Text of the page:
Remember Ang Lee’s angst-ridden art house take on 2003’s The Hulk? Well, Marvel Comics would prefer you didn’t. Just put it all out of your mind. Forget about Bruce Banner’s abusive childhood, his contemplative moods and his battle with mutated dogs. Marvel is rebooting the film series with this summer’s The Incredible Hulk. As with the mega-successful Iron Man, Marvel has taken control of the project, yanking it away from the often idiotic movie studios and producing it in-house. It makes sense. Who’s more protective of Marvel Comics superheroes than Marvel Comics?
Ditching the high-minded helming of Ang Lee, this second Hulk outing aims right for the common man, recruiting Frenchy Louis Leterrier (director of the smash-and-grab sequel, Transporter 2). It’s as good a sign as any that the action will be beefed up for this round. The secret weapon, though, is actor Edward Norton, who takes over the lead role from Aussie Eric Bana. Not only is Norton a great actor, he also had his hand in nearly every aspect of this film, even co-writing the script (along with X2: X-Men United writer Zak Penn) under a pseudonym.
“You wouldn’t like me when I’m angry”: Edward Norton goes green in the bashingly enjoyable The Incredible Hulk.
The Incredible Hulk isn’t exactly a ground-up reimagining (a la Batman Begins). It’s a direct sequel that assumes (as more of these films probably should) that people already know our hero’s “origin story.” As soon as the credits end, we’re off and running. The story here combines elements of the original comic book as well as the popular TV series of the ’70s. Our scientist hero is on the run, hitchhiking around the country under various assumed names, trying to find a cure for his acute monsterism.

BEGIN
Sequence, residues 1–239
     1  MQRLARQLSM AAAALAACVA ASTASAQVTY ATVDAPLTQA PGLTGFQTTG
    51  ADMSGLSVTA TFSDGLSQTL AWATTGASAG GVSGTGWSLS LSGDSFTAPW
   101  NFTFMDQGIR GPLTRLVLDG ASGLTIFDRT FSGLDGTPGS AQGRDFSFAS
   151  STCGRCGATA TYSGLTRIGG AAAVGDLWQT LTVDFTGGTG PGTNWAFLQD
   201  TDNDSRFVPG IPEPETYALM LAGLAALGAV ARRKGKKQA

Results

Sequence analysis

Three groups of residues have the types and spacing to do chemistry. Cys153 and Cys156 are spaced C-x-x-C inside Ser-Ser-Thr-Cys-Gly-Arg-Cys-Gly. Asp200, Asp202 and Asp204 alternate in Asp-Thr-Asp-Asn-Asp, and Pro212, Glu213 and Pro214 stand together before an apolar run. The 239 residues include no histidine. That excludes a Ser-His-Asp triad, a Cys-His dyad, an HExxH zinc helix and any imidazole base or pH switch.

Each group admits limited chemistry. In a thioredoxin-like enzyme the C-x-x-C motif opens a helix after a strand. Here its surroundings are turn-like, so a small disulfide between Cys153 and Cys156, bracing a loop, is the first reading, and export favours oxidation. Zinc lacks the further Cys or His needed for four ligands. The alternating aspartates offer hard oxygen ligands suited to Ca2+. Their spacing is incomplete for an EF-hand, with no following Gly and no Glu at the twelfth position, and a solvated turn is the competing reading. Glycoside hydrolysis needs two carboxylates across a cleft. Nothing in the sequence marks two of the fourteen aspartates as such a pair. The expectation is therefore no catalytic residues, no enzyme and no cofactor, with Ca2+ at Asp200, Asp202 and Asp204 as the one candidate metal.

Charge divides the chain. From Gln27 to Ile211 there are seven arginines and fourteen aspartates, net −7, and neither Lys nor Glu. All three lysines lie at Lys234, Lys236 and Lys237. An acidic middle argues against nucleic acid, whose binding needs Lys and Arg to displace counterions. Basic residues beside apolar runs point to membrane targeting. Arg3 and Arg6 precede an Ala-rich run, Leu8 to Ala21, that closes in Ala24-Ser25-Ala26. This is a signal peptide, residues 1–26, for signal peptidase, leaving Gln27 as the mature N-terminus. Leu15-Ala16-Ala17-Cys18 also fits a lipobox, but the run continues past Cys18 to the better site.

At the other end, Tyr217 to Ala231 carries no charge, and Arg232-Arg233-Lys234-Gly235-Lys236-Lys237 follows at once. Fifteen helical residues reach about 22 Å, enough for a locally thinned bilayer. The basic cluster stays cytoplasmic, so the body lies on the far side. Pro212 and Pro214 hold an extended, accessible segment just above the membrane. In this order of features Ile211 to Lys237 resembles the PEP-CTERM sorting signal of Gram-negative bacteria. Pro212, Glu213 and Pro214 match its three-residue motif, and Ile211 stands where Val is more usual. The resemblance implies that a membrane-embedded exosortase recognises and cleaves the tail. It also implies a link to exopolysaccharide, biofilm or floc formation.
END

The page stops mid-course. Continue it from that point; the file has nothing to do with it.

This time around, the U.S. Government, led by General Thunderbolt Ross (William Hurt, replacing Sam Elliott), is trying to get its hands on the Hulk. It seems that certain forces want to exploit the angry green goliath for his weaponized potential. Imagine dropping thousands of ’roid-raging green soldiers on Iraq. It’s enough to make Dick Cheney crack a smile.
|Trailer for The Incredible Hulk.|
Hoping to avoid dissection, Bruce has fled the country, but it isn’t long before a team of crack commandos hunts him down and gives chase (in a thrilling rooftop showdown). The commandos fail, but their leader (Tim Roth) is given another chance. Emil Blonsky (transformed from an evil Russian mercenary in the comics to a U.S. Special Forces commando here) volunteers to be injected with some experimental “super soldier” serum (yes, the very stuff that will serve as the basis of the Captain America movie a couple years from now). That doesn’t work out quite the way everyone planned, however, and Blonsky mutates into the hideous creature known as The Abomination.
Eventually, with The Abomination trashing huge chunks of New York City real estate, everybody turns their eyes to poor Bruce Banner, who’s now called upon to employ his massive alter ego for good and bring down The Abomination in an epic, CGI-filled climax.
The script, although arguably “dumbed down” from the first film, is rather well thought-out. It casts The Hulk in just the right light—not a villain, not quite a hero, but more a force of nature that can occasionally be harnessed for good. It’s a formula that’s worked for Godzilla for 50-odd years, and it suits The Hulk quite well.
The bottom line is that audiences for a Hulk movie don’t want to see Oedipal drama, they wanna see Hulk smash! This film is smart enough to give the people what they want.